A lot of research has practical value, but this practical value has to be explored. One nice example from my area of expertise is an international consortium to improve the outcome of a specific form of acute leukemia in the developing world. The first results were reported at the ASH meeting earlier this month, one of only a handful of abstracts to be picked for the plenary session. But use of research results goes beyond translational research, using them for science education (both in schools and universities) is equally important.
Science blogging could have an important role in communicating research, and this blog post from a few days ago is a wonderful example of how a blog post can enhance a Nature paper. It would be great if more journals would follow the PLoS journals in linking to blogs posts about a paper,2 and journals should help their authors to blog, e.g. by asking for a blog post (that could be hosted by the journal) on paper acceptance. Conference blogging is another area where science blogging would be a very welcome addition. It was nice to see official conference blogging at the German Genetics Conference this year, and I hope to see more of that.
Obviously I have written a lot about this topic on this blog, e.g. about the article of the future, reference management, paper submission, validation, formatting and exporting of scholarly content, or researcher identifiers. But I believe that there is still a lot more that can be done, and I expect to see one or more disruptive technologies in the future. Time will tell if Google Wave is one of them, the Open Researcher Contributor Identification Initiative (ORCID) announced earlier this month certainly is a very big step forward.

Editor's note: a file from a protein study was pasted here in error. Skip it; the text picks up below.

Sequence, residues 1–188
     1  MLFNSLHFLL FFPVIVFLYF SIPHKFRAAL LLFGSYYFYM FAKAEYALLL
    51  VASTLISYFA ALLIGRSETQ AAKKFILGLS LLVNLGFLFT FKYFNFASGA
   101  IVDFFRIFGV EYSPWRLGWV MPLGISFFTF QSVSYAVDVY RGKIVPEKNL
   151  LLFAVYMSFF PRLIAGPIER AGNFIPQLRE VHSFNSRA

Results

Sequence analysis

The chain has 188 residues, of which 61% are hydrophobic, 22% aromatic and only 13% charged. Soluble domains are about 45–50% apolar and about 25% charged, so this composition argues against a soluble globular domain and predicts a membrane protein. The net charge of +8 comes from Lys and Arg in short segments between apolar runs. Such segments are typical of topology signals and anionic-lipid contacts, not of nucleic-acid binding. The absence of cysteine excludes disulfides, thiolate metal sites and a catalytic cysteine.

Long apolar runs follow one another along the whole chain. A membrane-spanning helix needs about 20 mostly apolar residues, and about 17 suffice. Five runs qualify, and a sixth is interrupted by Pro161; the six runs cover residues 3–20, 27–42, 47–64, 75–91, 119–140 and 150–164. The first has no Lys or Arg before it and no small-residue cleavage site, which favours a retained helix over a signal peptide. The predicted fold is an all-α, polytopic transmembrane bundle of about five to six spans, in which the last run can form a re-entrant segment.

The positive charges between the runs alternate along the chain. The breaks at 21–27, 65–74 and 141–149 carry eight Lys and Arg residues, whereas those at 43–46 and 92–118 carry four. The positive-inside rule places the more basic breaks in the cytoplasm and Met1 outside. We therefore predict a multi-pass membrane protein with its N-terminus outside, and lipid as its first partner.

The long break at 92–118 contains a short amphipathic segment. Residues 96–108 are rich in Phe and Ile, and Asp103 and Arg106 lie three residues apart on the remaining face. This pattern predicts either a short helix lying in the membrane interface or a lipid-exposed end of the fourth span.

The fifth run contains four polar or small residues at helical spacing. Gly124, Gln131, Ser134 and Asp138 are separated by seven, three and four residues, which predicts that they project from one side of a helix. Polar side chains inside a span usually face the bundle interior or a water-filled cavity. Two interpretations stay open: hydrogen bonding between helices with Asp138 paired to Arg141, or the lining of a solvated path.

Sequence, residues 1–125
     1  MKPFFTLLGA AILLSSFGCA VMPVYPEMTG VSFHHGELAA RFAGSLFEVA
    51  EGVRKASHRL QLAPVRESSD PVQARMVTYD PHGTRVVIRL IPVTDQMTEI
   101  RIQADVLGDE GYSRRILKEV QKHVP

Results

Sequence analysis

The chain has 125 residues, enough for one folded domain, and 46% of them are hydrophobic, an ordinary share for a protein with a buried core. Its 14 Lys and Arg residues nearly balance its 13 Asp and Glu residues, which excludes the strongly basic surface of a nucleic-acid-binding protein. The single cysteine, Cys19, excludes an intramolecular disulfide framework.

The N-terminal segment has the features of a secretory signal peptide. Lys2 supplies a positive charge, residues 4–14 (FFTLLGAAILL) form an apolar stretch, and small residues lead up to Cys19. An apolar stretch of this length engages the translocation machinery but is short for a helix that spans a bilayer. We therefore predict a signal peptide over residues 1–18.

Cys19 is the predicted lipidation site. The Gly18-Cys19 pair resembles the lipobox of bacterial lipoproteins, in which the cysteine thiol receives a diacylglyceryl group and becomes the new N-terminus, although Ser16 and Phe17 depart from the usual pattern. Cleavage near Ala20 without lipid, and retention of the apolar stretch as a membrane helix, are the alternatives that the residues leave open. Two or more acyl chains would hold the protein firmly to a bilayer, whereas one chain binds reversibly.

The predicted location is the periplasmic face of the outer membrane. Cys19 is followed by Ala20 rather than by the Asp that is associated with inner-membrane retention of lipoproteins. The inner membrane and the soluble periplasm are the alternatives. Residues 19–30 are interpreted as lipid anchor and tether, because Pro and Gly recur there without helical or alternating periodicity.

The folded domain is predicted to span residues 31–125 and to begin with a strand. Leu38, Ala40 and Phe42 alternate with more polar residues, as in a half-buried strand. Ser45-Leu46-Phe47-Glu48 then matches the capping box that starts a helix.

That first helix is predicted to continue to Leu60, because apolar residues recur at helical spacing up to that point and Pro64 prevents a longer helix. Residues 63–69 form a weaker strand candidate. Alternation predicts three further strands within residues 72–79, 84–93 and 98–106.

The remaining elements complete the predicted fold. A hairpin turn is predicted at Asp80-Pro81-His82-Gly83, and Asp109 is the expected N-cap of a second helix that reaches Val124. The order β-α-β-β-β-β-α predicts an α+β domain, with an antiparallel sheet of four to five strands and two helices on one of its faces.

Providing and preserving the research data behind a project is becoming increasingly important, and simply writing up a paper is no longer enough.3 In many areas we lack the infrastructure (nomenclature, databases, etc.) and resources for this, especially for long-term preservation. One ambitious project is Elixir, which is trying to develop an infrastructure for biological information in Europe. The CaBIG project at the U.S. National Cancer Institute is trying to do something similar for cancer research. Examples for digital preservation projects can be found at the British Library and the German Nestor project.
Many areas of research would profit from this approach. A prominent example of citizen science is Galaxy Zoo, where more than 150,000 people are helping with the classification of astronomy images. Involving people is especially in medical research. PD Online Research is a wonderful community site about research on Parkinson disease that launched in June 2009. Personalized genetics can give the patient or healthy individual a more active role in healthcare decisions.
Whether sustainability will ultimately play a greater role in science will ultimately depend on those paying for research. If universities, institutions and funders continue to look mainly at goals that are both too short-term and only an indirect measure of scientific progress (e.g. the Impact Factor of a journal that a paper is published in), and don't honor activities such as data annotation, public outreach, etc., this will be very difficult. I wish you a great start into the new year.
The German word for sustainability is Nachhaltigkeit.
And please, please use the DOI for that.